Doxxing is the act of exposing previously unknown personal or private information, usually about an individual, online. Shortly after the BuzzFeed doxxing, the two remaining members of BAYC, Sass and Emperor Tomato Ketchup came forward, revealing their names to be Zeshan and Kerem.
The doxxing sparked an uncomfortable but crucial discussion about anonymity in the world of Web3 that continues today. Buzzfeed senior technology reporter Katie Notopoulos, the journalist behind the story, claimed the publication’s actions helped increase transparency and accountability toward a company that is now worth billions and operates in a legal and technological realm that is nowhere near finished evolving.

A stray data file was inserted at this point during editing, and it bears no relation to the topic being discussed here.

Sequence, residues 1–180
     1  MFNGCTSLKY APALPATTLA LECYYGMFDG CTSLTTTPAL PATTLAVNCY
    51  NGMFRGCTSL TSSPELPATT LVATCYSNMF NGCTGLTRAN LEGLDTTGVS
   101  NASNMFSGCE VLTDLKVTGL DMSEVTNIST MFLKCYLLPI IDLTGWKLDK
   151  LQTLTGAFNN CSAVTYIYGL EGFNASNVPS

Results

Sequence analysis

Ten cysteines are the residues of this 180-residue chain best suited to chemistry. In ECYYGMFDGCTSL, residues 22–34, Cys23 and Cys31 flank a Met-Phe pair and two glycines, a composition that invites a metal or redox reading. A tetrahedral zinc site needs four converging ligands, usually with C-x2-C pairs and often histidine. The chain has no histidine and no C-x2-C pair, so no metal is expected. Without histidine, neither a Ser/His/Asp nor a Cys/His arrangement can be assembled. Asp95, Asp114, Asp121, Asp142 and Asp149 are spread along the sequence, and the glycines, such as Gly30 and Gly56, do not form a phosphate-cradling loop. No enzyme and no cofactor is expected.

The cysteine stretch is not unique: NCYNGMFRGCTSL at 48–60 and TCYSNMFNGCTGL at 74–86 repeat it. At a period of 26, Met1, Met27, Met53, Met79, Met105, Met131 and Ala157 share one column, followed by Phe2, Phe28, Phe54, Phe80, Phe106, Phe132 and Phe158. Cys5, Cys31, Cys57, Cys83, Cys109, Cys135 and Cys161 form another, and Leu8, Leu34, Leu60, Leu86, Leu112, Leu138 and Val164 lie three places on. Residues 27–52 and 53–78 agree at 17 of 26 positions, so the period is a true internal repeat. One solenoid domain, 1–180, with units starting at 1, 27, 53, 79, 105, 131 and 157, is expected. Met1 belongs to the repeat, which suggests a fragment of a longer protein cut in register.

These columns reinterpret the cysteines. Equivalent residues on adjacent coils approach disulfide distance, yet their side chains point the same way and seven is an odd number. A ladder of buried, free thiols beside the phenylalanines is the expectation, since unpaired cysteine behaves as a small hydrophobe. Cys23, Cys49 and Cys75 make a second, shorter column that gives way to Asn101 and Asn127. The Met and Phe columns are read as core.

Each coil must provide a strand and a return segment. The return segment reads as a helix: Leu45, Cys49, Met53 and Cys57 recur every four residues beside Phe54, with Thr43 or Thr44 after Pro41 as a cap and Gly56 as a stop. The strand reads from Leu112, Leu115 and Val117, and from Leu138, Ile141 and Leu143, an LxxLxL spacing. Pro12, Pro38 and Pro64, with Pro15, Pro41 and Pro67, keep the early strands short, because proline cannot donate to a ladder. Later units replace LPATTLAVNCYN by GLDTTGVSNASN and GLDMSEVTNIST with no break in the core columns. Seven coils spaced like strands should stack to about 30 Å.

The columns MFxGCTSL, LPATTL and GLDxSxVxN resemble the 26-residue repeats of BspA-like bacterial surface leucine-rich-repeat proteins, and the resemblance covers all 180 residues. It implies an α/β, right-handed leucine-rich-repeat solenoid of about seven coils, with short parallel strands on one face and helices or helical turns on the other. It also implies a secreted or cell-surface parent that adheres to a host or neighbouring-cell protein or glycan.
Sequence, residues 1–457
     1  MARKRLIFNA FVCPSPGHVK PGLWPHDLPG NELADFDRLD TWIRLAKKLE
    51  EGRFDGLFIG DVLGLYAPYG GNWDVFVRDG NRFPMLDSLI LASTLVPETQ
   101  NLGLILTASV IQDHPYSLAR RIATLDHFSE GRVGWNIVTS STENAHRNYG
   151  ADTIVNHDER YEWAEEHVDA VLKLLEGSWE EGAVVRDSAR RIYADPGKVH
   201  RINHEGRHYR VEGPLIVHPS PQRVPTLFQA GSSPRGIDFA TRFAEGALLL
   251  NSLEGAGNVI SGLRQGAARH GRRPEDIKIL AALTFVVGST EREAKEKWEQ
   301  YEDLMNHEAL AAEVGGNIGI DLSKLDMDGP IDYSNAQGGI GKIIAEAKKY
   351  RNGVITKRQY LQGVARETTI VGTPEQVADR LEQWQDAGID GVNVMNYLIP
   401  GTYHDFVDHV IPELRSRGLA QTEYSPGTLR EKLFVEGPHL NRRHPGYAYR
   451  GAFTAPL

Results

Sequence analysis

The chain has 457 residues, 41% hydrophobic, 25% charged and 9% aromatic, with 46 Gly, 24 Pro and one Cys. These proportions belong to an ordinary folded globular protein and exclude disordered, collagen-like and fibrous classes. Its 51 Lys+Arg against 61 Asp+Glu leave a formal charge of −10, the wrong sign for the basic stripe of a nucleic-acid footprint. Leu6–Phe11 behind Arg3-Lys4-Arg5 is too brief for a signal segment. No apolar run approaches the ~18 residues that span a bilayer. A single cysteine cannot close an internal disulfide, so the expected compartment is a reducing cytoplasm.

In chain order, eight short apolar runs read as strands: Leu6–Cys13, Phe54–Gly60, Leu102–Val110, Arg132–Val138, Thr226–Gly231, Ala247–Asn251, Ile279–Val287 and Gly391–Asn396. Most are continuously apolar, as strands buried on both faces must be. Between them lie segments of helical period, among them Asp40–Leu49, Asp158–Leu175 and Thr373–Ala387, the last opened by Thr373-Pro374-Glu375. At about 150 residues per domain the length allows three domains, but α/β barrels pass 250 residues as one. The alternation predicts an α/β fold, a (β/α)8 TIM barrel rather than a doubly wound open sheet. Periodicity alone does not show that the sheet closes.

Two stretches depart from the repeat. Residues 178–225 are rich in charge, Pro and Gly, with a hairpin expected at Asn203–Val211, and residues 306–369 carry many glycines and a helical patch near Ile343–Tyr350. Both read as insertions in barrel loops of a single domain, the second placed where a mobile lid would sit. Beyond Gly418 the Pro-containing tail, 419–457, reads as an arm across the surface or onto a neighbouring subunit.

In contrast, Yuga Labs’ CEO Nicole Muniz was quick to express her dissatisfaction with the doxxing, claiming that anonymity doesn’t necessarily equate to a lack of accountability.
Both parties have a point, but what happened to the project’s founders may not even qualify as doxxing in the proper sense.
When the founders of BAYC launched their NFT project in April of 2021, they chose to remain anonymous. Beyond a veil of pseudonyms, however, that anonymity was arguably never really there to begin with. Yuga Labs is an officially registered business in Delaware, and Buzzfeed admits to combing through publicly available records to identify the two founders.